HR Law Hotline
February 19, 2013
Employee Stock Option Plans in India: Restrictions on Trust Structures
The Indian securities market regulator has prohibited listed companies in India from framing any employee benefit scheme involving acquisition of the company's own securities from the secondary market. The Securities and Exchange Board of India ("SEBI") issued a circular on January 17, 20131 ("Circular") to amend the SEBI (Employee Stock Option Scheme and Employee Stock Purchase Scheme) Guidelines, 1999 ("ESOP Guidelines") and the Equity Listing Agreement.
SEBI issued the ESOP Guidelines in 1999 to regulate the implementation of stock option schemes and stock purchase schemes by Indian listed companies. In the past, SEBI had taken a view that employee welfare schemes that did not involve fresh issuance of securities of the company would not fall within the scope and ambit of the ESOP Guidelines.2 Accordingly, schemes that involved purchase of securities from the secondary market by a trust or otherwise like stock appreciation schemes were unregulated. In its board meeting in August 20123, SEBI, inter alia, decided that "Listed entities shall frame employee benefit schemes only in accordance with SEBI (ESOS and ESPS) Guidelines, 1999. Entities whose schemes are not in conformity with the same would be given time to align with the said Guidelines. Further, such schemes will be restrained from acquiring their shares from the secondary market." It appears that such a decision was taken after SEBI undertook a comprehensive review of the extant regulatory framework in the primary market and approved a host of reforms to re-vitalise the markets. The decision to amend the ESOP Guidelines, among other changes, was made with a view to "ensure quality public offerings, instill discipline amongst issuers/market intermediaries, make the issue process more transparent, provide a level playing field for all market participants and enhance investor confidence"4.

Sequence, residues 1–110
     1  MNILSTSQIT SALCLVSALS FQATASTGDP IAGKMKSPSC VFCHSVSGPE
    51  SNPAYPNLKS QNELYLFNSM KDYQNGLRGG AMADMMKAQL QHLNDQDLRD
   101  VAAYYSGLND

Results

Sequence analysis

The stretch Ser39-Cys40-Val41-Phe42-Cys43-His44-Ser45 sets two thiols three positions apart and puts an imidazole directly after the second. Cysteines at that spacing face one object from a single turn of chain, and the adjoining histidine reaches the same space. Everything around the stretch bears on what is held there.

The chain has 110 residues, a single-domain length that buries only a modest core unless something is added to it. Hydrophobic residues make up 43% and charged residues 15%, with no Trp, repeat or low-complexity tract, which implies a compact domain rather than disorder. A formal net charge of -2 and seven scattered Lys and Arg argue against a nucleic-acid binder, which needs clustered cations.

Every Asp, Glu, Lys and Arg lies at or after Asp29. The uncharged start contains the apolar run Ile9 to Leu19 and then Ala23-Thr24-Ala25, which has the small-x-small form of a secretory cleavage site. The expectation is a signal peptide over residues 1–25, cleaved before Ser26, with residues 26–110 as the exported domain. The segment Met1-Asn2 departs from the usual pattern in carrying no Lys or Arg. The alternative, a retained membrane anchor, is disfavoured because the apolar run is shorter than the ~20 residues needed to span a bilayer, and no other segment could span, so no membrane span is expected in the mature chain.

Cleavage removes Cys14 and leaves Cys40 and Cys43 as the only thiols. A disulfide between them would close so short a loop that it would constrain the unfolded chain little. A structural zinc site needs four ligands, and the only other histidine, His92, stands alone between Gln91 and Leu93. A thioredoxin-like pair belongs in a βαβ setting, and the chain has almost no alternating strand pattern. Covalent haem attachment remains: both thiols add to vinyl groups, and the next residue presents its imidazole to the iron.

SEBI has expressed its apprehensions over the possibility of listed companies framing staff welfare schemes/trusts to deal in their own securities in the secondary market, with the object of inflating, depressing, maintaining or causing fluctuation in the price of the securities and engaging in market manipulation and other fraudulent trade practices. According to SEBI, such practices also raise significant compliance concerns under the SEBI (Prohibition of Fraudulent and Unfair Trade Practices relating to the Securities Market) Regulations, 2003 and SEBI (Prohibition of Insider Trading) Regulations, 1992.
In order to address the concerns pertaining to acquisition of shares by employee welfare trusts of listed companies from the secondary market, SEBI has, vide the Circular, introduced the following amendments to the ESOP Guidelines and the Equity Listing Agreement :
The amendment appears to be for the benefit of the investors, especially since it stems from rising concerns pertaining to insider trading and unfair trade practices. At the same time, the Circular is likely to have a significant impact on the companies that have put in place employee benefit schemes involving purchase of shares from the secondary market as against issue of new shares by the company. While the ESOP Guidelines permit the use of trust structures for administering employee stock option plans, the Companies Act, 1956 permits a company to grant loans or financial assistance to employee welfare trust to purchase or subscribe to the shares of the company. In light of these provisions, many Indian companies had adopted employee welfare schemes where trusts purchased the securities of the company from the secondary market using the funds provided by the company. Such schemes of listed companies may now have to be restructured to align them with the requirements under the ESOP Guidelines.
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